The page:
"My book is in a different genre, not romance, but there is a romantic angle. While I have read books with a kiss at the end, I have no idea how to write it. what should a writer do when they have to write a kissing scene yet they have never yet been kissed? I figured people who are writing in this genre might be able to help so I'm asking you. Plus I'm not sure about writing sex scenes. My friend says if there's kissing there should be sex but I'm not sure I want to be writing sex. I've never done it before and my book isn't romance. Should a story with a romance in it include sex scenes? "
Never done it before. You know, because you wrote this in a grammatical ambiguous (and incorrect) way, you leave it open to interpretation. Are you saying that you've never had sex before and therefor do not know how to write sex because of it? Or are you saying you've never written sex before? While you always need to check your grammar, romance is a genre where you doubly need to be on your toes. Misplaced words can lead to hilarious situations. But anyways, as you said you've never been kissed, or at least implied you have never been kissed, I'm going to assume you also meant to say you've never had sex thus don't know if you'd be able to write it.
In any case it sounds to me like you are uncomfortable about the idea of writing sex and therefor you should not feel obligated to do so. No, sex is not required for romance. Shocker, but about 62% of romance novels DO NOT have a single sex scene in them.
Quick Facts About Sex Scenes:
So don't go thinking you have to put sex in your story.
Outside of the Twighlight Manor series, I tend to avoid sex scenes. Inside of the Twighlight Manor series you'd think it was perpetual Ratzin mating season. I'm told I'm very good at writing sex scenes. I’m also told I'm pretty good with the kissing scenes too, though they are rare in the Twighlight Manor series.
I've written many stories (yes even Twighlight Manor ones) which never even mentioned sex at all. The closest I ever came to writing sex into my sex-free stories was saying something like: “…and she spent the night at his house.”
I never said which room she slept in. She could have slept on the couch or they could have had sex. I never said they did, but I never said they didn’t either. I left it up to the reader to decide if they had had sex or not. I feel it’s better to leave things like sex to the readers imagination. This is what is known as "fade into black". It's when two characters are left alone and the author leaves it up to the reader's imagination whether anything happened between them or not. If you don't want to write sex, but you feel you should imply sex happened, than "fade in black" is the way to go.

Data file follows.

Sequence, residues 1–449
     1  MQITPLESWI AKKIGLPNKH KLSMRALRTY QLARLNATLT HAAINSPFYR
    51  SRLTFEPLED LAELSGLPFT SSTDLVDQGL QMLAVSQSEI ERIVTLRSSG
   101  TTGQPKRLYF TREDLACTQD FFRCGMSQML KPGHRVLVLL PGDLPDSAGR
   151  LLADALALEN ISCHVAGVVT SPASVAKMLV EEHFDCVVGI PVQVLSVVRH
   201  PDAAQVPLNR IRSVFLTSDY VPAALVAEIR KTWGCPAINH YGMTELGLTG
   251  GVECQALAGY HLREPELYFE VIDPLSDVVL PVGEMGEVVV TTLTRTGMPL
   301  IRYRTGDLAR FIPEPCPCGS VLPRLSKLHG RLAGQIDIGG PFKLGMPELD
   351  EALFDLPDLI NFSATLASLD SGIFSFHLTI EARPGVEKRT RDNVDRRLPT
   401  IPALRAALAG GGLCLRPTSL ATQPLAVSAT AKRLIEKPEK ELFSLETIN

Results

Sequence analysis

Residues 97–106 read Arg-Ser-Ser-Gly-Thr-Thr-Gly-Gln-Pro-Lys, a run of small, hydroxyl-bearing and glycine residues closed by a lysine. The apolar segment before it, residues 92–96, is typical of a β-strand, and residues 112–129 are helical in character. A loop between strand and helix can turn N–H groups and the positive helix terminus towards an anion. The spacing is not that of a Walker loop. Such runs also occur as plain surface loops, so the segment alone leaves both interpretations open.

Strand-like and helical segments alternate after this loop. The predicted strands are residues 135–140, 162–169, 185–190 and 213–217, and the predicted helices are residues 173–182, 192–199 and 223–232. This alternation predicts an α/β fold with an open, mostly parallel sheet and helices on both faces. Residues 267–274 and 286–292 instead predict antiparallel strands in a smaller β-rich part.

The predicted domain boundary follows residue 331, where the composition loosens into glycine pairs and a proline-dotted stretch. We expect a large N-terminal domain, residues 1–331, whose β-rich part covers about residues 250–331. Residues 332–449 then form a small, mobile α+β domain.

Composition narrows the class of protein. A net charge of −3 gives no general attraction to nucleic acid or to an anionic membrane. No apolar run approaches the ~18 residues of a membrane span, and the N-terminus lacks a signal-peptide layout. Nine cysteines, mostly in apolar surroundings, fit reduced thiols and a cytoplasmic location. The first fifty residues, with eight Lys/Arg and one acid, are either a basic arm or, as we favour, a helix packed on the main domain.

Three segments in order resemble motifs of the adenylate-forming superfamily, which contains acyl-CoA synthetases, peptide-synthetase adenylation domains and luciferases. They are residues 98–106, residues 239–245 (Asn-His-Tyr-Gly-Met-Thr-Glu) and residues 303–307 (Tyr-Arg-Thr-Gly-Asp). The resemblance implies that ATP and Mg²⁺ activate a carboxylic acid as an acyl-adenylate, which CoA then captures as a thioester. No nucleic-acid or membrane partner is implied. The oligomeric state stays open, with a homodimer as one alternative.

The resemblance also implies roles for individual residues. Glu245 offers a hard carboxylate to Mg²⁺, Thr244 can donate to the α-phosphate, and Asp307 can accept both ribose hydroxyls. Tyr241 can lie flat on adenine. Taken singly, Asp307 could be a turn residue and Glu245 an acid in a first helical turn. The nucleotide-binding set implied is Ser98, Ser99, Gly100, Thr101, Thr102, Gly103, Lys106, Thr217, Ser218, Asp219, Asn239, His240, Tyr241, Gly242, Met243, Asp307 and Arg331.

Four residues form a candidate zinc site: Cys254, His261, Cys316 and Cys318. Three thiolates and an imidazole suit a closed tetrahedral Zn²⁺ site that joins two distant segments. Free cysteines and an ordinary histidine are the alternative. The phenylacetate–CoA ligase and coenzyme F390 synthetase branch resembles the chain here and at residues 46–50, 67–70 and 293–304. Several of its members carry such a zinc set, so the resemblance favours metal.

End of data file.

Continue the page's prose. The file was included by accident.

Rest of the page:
Okay, so sex out of the way, let's get on with the kissing stuff, shall we?
How to write a kiss scene in your not-quite-romance story?
When it comes to kisses I don’t like bogging my readers down with long narratives (I do enough of that in my non-fiction articles!) It’s a case where I write what I know and let my readers fill in the rest with their imagination. When writing a kiss scene, I add in tiny details like instead of saying:
They kissed under the willow tree.
He kissed her passionately.
They kissed under the willow tree. It was her first kiss. It seemed to last forever.
I only added one or two little words to each sentence. That’s it. But it changed the whole picture in the readers head. Nothing big. Just little things.
Another thing that goes over well with readers is to get inside the character’s head. Show don’t tell.
They stopped under the willow tree. Esmerald pulled Pippi close and kissed her long and hard. She felt the world disappear around her. Nothing else mattered. No one else existed. It was just the two of them alone in the universe. He had kissed her. Her first kiss. She hardly believe it. Pippi wondered now if it had only been a dream.
~From: The Ruby Hummingbird
(Twighlight Manor series 2007)
It’s short. It’s quick. It’s simple. It doesn’t stop the flow of the
story. It doesn’t describe the kiss. It doesn’t tell. It describes how
she felt as she was being kissed. It shows.
Whatever you do, keep it short, keep it simple, keep it familiar, let the reader interpret the minor details themselves, and you’ll write a book that’s easy to read and seems familiar to your readers and your readers will love you for it.
Remember that mood is important when you write a kiss scene. Before you write a kiss you first want to build up atmosphere. Talk about the cool gentle breeze, the soft twinkling stars above, pink dolphins flying overhead ... wait, what? Pink dolphins you say! Quick! Quick! Somebody stop them before they reach the portal! Hmmmm.... too late, they're gone. Where was I?
That said; being kissed can be the most amazing feeling in the world, if the guy it “the one” and not “just some guy”. Soft lips, wet tongue, warm skin, the smell of perfumed hair, the tingle down your spine, the light headed feeling, the feeling that you could walk on air.
French kissing is better in my opinion.
If you haven’t been kissed, then just imagine that you are experiencing the most amazing wonderful feeling possible and go with it, write how you imagine it would be like.
Write a kiss scene by writing what you know and bluff the rest. Chances are your readers will never know you’ve never been kissed, because they’ll be too busy imagining their first kiss, past or future.
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